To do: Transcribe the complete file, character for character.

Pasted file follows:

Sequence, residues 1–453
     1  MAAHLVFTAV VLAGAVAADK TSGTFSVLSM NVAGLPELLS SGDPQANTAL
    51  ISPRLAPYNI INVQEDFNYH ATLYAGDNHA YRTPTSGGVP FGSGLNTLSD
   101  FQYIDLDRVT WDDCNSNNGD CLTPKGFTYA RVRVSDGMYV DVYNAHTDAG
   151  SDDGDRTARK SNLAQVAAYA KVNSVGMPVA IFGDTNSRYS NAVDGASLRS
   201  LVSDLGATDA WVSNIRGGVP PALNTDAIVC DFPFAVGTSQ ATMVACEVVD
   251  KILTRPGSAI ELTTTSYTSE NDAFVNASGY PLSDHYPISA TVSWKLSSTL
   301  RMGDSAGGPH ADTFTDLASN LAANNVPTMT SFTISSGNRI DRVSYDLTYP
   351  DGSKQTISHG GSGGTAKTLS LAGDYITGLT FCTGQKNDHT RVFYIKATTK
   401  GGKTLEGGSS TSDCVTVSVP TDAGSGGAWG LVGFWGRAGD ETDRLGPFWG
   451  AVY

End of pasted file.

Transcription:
Sequence, residues 1–453
     1  MAAHLVFTAV VLAGAVAADK TSGTFSVLSM NVAGLPELLS SGDPQANTAL
    51  ISPRLAPYNI INVQEDFNYH ATLYAGDNHA YRTPTSGGVP FGSGLNTLSD
   101  FQYIDLDRVT WDDCNSNNGD CLTPKGFTYA RVRVSDGMYV DVYNAHTDAG
   151  SDDGDRTARK SNLAQVAAYA KVNSVGMPVA IFGDTNSRYS NAVDGASLRS
   201  LVSDLGATDA WVSNIRGGVP PALNTDAIVC DFPFAVGTSQ ATMVACEVVD
   251  KILTRPGSAI ELTTTSYTSE NDAFVNASGY PLSDHYPISA TVSWKLSSTL
   301  RMGDSAGGPH ADTFTDLASN LAANNVPTMT SFTISSGNRI DRVSYDLTYP
   351  DGSKQTISHG GSGGTAKTLS LAGDYITGLT FCTGQKNDHT RVFYIKATTK
   401  GGKTLEGGSS TSDCVTVSVP TDAGSGGAWG LVGFWGRAGD ETDRLGPFWG
   451  AVY